I Heart Indies

Saturday, April 14, 2012

Naming Plants


Wadjacallit

 Nancy tries whenever possible to get native Georgia plants, and just yesterday we got some very pretty flowers to plant along the front walk.  I realized this morning, I don’t remember what they’re called.  I’ve got a very poor head when it comes to names, especially plant names.  I can tell a pine tree from a magnolia, from a weeping willow from an oak.  That’s pretty much it. 

Haffengottaclue

I’m the same way with birds.  I can tell an owl, a cardinal, a pigeon, a woodpecker, a duck, a goose, and a chicken.  For a while there, I could tell a mockingbird from a catbird, but I’ve forgotten again which is which. 
Oh, and I can tell a hummingbird. 
And a penguin. 
And an ostrich. 
Actually, I’m better with birds than I thought.  If a penguin or an ostrich wanders in the yard, I’ll be able to spot it right off.  “That’s a penguin,” I’ll say, and someone will challenge me, “Are you sure?” and I’ll come back, “Positive, just look at the plumage.”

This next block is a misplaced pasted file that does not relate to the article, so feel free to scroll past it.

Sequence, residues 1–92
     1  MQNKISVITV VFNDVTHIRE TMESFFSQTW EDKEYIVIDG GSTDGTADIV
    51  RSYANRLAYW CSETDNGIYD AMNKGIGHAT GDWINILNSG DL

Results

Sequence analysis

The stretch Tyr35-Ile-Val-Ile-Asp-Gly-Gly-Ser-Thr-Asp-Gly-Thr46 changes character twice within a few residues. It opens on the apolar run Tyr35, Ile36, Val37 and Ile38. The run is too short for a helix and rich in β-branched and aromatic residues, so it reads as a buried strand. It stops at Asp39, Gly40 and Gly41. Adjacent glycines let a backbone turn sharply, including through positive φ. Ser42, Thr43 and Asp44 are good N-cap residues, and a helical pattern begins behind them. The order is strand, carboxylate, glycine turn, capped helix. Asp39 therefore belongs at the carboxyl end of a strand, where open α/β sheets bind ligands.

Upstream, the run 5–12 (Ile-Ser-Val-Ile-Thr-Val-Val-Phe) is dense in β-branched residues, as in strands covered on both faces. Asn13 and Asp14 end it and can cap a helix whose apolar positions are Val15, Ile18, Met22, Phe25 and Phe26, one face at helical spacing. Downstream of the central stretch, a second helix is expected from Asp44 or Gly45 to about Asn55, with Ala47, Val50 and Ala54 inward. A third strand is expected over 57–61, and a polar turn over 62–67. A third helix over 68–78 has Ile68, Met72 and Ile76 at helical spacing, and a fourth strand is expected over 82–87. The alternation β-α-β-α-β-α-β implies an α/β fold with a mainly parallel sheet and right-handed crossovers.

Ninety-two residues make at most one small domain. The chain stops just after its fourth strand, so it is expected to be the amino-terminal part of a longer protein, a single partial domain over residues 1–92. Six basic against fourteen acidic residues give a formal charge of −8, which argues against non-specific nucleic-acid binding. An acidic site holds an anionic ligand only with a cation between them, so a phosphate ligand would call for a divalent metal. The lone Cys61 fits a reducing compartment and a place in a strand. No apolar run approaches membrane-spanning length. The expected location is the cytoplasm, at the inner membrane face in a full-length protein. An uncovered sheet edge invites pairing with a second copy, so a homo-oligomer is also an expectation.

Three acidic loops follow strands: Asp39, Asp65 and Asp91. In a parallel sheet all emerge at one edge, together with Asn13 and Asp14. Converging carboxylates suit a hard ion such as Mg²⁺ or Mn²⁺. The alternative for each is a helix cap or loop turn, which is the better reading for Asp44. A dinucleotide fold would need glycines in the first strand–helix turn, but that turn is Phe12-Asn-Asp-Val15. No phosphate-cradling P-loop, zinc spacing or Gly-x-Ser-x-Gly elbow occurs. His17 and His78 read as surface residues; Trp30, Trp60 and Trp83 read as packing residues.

Yurgess-
Isasgudasmyne

But with plants, I’m hopeless.  There is one plant we got the other night, I won’t forget.  It’s a Tea Olive.  It has rather wide shiny leaves and tiny white flowers – but the fragrance!  Standing next to it, you wouldn’t believe any actual living thing could smell so sweet.  It’s quite literally intoxicating. You might think not being able to identify plants is a small matter, but it really diminishes the world.  You really can’t see something you can’t identify.  If you can't put a name to stuff, it doesn't become things to you, it's just stuffWhen our neighbor Cathy looks out her window she sees black-eyed Susans, and cross-vine, and phlox, and hastas, and gardenias.  I see undifferentiated masses of green with spots of color here and there.  Oh, and the Tea Olive.  From now on, I’ll see a Tea Olive.

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